How technology can help the transition to a green economy and the role that commercial creditors will play in this

In early 2021, when the storm Christophe blew in the North of England, our colleagues in Manchester suffered extreme floods. A few months later, the same thing happened to our colleagues in London. Then our colleagues in Bangalore. Then our colleagues in New York. Events like these should be rare and unprecedented, but instead become regular events around the world, leaving damage, disruption and, in some cases, death in their path.

For many, the answer to tackling the challenge of climate change lies in technology. Most global greenhouse gas (GHG) emissions come from several sectors, each of which is disrupted by technology:

Automotive: The automotive sector is witnessing a break with evolving battery and fuel cell technology. Demand for electric vehicles (EVs) is growing – the rate of this technological disruption is staggering – three years ago EVs accounted for only 2% of all new car sales in the United States. A year later, it doubled to 4%. Last year it doubled again to 8%, and this year it is expected to double again to 16%. Within 10 years, most new car sales will be electric (source: iea.org). This will affect the whole value chain of cars, affecting both upstream and downstream sectors / activities. Therefore, banks need to understand the level of credit on how the risk goes down the value chain and the ripple effects that the carbon leakage lever (such as technological disruption) can have across the sector.

Construction and building: The construction industry accounts for a significant share of global greenhouse gas emissions, and the materials used, as well as the heating, cooling and lighting of buildings, contribute to the industry’s carbon footprint. Everyone in the industry as a whole agrees that building more green infrastructure is crucial to reducing emissions from the sector. As such, more and more countries are introducing energy codes for buildings, certification of green buildings is increasing and investment in energy efficiency technologies such as smart homes and automation systems is increasing.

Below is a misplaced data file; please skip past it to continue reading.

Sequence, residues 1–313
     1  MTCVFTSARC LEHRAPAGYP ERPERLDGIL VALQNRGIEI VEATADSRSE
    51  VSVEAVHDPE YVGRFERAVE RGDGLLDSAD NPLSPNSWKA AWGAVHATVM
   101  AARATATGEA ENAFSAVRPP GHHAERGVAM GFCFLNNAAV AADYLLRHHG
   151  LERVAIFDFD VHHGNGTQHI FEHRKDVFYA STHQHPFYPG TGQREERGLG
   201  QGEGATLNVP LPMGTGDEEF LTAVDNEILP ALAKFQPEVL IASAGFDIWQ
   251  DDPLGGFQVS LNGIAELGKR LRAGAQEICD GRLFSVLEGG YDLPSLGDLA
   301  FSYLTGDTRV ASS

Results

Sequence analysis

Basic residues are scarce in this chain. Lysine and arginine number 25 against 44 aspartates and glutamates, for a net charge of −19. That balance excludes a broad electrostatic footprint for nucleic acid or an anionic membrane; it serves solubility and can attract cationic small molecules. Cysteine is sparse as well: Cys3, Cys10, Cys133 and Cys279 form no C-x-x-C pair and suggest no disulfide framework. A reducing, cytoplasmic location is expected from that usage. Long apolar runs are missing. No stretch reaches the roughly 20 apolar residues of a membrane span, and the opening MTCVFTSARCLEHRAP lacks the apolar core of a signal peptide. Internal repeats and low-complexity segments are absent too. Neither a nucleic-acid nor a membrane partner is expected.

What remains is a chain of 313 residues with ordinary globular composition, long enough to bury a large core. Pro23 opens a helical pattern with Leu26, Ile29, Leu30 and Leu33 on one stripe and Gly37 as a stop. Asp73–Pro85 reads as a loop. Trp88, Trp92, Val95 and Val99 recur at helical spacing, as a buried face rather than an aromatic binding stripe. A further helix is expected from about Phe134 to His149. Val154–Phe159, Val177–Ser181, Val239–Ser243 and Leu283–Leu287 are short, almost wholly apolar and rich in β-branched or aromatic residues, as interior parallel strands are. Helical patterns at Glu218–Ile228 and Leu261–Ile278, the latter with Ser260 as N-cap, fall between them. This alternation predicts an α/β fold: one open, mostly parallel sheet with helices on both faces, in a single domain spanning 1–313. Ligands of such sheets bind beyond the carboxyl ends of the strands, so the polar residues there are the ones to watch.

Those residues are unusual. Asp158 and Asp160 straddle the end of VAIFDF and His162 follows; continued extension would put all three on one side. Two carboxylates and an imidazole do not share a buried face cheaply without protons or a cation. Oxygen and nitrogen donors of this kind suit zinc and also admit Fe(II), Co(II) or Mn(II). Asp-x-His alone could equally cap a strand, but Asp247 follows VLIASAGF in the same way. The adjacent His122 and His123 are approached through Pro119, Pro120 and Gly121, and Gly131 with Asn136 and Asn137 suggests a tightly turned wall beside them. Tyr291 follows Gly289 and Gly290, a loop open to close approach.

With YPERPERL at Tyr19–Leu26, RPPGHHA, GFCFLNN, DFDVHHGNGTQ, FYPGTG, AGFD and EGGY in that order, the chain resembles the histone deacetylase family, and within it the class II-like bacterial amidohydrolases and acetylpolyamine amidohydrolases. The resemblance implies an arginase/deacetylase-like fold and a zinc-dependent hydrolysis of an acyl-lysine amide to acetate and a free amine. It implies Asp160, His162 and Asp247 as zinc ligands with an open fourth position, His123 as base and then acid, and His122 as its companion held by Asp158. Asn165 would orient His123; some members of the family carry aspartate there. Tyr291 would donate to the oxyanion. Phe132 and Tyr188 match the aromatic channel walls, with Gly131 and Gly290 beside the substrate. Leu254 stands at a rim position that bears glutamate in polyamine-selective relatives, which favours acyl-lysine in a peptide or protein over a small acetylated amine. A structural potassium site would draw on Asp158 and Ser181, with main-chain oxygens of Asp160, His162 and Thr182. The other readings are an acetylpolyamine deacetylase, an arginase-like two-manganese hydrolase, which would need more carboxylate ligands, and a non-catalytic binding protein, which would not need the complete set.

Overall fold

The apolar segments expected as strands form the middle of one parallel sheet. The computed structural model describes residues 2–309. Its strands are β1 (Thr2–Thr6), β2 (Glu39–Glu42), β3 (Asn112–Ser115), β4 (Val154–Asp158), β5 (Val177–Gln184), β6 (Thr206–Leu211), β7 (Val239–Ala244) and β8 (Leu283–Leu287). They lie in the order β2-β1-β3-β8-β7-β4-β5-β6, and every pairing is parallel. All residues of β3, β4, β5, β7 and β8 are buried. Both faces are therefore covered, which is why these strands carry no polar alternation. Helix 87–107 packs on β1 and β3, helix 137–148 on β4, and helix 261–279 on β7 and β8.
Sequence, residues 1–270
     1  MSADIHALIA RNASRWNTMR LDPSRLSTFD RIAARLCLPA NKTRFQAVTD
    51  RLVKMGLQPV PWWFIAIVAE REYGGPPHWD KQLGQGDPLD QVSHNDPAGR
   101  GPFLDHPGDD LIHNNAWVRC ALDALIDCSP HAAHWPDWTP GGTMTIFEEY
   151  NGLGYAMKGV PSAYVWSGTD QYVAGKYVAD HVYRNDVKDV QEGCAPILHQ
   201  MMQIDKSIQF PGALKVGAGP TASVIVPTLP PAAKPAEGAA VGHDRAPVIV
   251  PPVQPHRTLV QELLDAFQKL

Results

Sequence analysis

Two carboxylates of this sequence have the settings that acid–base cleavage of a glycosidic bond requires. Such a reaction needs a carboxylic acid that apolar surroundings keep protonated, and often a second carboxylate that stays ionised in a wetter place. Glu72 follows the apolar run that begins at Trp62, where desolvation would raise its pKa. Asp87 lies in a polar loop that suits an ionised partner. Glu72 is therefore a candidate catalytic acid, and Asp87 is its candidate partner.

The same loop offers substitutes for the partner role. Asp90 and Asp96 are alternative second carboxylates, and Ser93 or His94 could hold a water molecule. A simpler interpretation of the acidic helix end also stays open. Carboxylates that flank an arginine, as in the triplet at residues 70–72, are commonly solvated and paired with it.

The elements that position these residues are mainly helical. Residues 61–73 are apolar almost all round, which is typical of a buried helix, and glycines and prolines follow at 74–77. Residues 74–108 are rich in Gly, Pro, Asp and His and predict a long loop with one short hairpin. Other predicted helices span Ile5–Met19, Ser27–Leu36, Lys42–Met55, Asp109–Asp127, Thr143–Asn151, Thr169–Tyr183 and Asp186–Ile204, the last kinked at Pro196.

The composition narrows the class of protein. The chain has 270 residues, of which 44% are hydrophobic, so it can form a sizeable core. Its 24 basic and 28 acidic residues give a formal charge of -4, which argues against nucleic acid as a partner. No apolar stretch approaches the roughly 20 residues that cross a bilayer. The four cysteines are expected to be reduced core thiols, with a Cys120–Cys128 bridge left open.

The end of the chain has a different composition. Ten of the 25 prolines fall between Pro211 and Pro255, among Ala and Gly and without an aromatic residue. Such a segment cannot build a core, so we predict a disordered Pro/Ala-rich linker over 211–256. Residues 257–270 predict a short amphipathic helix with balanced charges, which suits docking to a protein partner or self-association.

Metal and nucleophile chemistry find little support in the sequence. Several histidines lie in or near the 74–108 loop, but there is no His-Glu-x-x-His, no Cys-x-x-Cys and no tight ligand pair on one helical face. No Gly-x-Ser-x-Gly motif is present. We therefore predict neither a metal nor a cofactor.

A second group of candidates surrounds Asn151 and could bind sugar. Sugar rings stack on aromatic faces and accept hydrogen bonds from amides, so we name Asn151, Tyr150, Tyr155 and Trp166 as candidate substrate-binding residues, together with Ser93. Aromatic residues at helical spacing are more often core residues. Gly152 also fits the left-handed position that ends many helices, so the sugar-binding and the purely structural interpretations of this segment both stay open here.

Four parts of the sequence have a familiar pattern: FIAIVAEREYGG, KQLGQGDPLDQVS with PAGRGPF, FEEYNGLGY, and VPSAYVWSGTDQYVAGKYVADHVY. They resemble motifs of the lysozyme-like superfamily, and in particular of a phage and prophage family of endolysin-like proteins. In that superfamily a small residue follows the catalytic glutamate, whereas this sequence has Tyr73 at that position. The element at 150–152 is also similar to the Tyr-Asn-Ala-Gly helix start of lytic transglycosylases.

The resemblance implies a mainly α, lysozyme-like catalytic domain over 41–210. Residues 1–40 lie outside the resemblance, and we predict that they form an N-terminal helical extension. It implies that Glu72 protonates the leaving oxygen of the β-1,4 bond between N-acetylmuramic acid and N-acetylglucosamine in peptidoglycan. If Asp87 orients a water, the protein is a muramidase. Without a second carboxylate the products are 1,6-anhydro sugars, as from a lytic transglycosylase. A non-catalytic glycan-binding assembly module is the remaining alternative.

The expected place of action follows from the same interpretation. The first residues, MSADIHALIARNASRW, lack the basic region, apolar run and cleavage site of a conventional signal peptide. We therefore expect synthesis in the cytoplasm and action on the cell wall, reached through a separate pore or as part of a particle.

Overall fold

Production: To date, manufacturing companies have been relatively protected from regulatory pressure, but are now facing increasing pressure from shareholders and consumers. To deal with this, manufacturers will need to consider the implications for their entire value chain – at the design, supply, construction and operation stages. New technologies that reduce production steps, the use of materials or the number of parts will reduce the energy involved in the value chain and reduce the use of raw materials. This also applies to technologies that allow the production of materials or components that increase recycling and recycling.

Oil and gas: Directly and indirectly, the oil and gas industry accounts for 42% of global greenhouse gas emissions. As a result, creditors are facing increasing pressure from shareholders to reduce lending to industry, and with rising fuel prices, economies and governments around the world are catalyzing efforts to move to more sustainable energy solutions. Fortunately, renewable technologies are getting cheaper – the price of solar energy in the United States has fallen by more than 70 percent since 2011, while the price of wind has fallen by almost two-thirds.

Agriculture: The agricultural sector is prepared for disruptions and agritech (agricultural technology) facilitates this. These include technologies such as precision farming, protein alternatives, farmed meat and carbon sinks. Studies show that the global agro-technological market will cost $ 22.5 billion by 2025, which will increase from $ 9 billion in 2020.

All of these technologies will require investment – according to McKinsey, the net price of the world, reaching net zero by 2050, will be £ 257 trillion or £ 9.2 trillion a year. This is a great opportunity for commercial lenders to help their commercial customers move to a green economy, given the level of investment required.



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The views expressed above are those of the author.



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